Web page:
Geography in the ...
Find tag "Russia"
8.9K views | +9 today
Geography in the classroom
Resources to support the NSW secondary Geography curriculum
Curated by dilaycock
Your new post is loading...
Your new post is loading...
Rescooped by dilaycock from Geography Education!

Aral Sea Basin

Aral Sea Basin | Geography in the classroom |

"Dust blows from what was once the Aral Sea floor. Tragic mismanagement of a natural resource."

Via Seth Dixon
dilaycock's insight:

This image taken from the International Space Station is just one of hundreds taken by @Cmdr_Hadfield that can be used in the geography classroom. See image gallery

Joseph Thacker 's curator insight, February 20, 2014 9:49 PM

This is a sad reality humans must live with forever and something we as people must learn from. A man made disaster that occurred many years ago has a negative impact on areas surrounding the shrinking Aral Sea to this day. People cannot exploit an area of water this large, as this is not only harming the environment, but many human beings, as well

Elizabeth Bitgood's curator insight, March 3, 2014 9:24 AM

This startling picture from space of the Aral Sea is heartbreaking.  The destruction of this inland sea is a terrible thing to behold.

Jess Deady's curator insight, April 30, 2014 8:36 PM

The Aral Sea Basin has been a topic of conversation throughout geography for many reasons. What used to be filled with water is now blowing dust because its that dry? This basin is no longer a natural resource.

Scooped by dilaycock!

Russia's shrinking population mars Putin's superpower ambitions | PBS NewsHour | Nov. 8, 2011

Russia's shrinking population mars Putin's superpower ambitions | PBS NewsHour | Nov. 8, 2011 | Geography in the classroom |
Despite Vladimir Putin's efforts to encourage population growth in Russia, women have too few children and Russian men are dying young.
No comment yet.
Rescooped by dilaycock from Regional Geography!

The end of nature?

The end of nature? | Geography in the classroom |
It isn’t the first time I’ve been to Usinsk in the very north of Russia, so I shouldn’t be surprised — but once again, I’m shocked.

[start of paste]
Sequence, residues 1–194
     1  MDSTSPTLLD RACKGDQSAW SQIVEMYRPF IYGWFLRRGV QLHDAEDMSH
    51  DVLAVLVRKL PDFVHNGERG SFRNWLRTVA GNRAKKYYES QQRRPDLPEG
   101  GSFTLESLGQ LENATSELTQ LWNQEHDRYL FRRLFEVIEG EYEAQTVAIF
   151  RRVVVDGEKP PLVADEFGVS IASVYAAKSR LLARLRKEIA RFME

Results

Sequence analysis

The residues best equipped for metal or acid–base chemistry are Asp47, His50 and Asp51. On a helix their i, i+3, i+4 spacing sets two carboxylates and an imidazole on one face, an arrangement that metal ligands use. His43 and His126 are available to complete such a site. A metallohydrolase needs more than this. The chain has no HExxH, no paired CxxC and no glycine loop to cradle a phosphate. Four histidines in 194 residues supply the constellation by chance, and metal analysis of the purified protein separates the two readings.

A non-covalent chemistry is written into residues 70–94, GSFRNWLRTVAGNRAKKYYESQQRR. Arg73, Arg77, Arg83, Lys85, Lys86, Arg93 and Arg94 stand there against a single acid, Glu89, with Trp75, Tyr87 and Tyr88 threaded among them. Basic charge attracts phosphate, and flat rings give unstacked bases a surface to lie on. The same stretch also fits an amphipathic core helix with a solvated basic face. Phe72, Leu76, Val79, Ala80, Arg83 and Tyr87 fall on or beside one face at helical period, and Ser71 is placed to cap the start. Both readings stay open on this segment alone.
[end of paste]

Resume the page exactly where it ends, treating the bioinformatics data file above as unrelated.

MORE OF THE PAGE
An interesting look at some environmental issues in the far north of Russia (and when Russians think that it's far north, it's REALLY far north).

Via Seth Dixon
Denise Pacheco's curator insight, September 24, 2013 11:13 AM

It's horrifying to see such a large space go to such waste thanks to toxic oil spills. Business / people have no respect for nature. This space could have been used to build homes, start a new business , or even for agricultural purpose. The government should step in and clean this up because this land can help boost their economy as well if they put it to good use. It's mind over matter! They need to get to work on this ASAP!

Cam E's curator insight, February 18, 2014 11:35 AM

I never thought of the impact of on-land oil spills, usually it's only something I'd think occurred in the oceans, but I understand now that oil spreading throughout the soil and forests can have an effect just as disastrous.

James Hobson's curator insight, October 20, 2014 9:42 PM

(Russia topic 5 [independent topic 1])

Russia's blind eye to environmental regulation hasn't stopped at Lake Baikal. Sadly the Siberian landscape is being destroyed at an unimaginable scale by careless oil operations. Companies well known even here in the U.S. like Lukoil and Shell are running operations that aren't just harming the environment... they're eradicating it. Even disregarding all of the political tensions, it is shameful to note how one's morality, one's instinct's, one's sense of heart, one's common sense haven't kicked in by now. It's one thing for a nation to exploit itself, but when universal things (such as the environment) which are inarguably are ruined, there lies an even more severe sense of immorality and beyond-monetary "debt" owed to the rest of the world.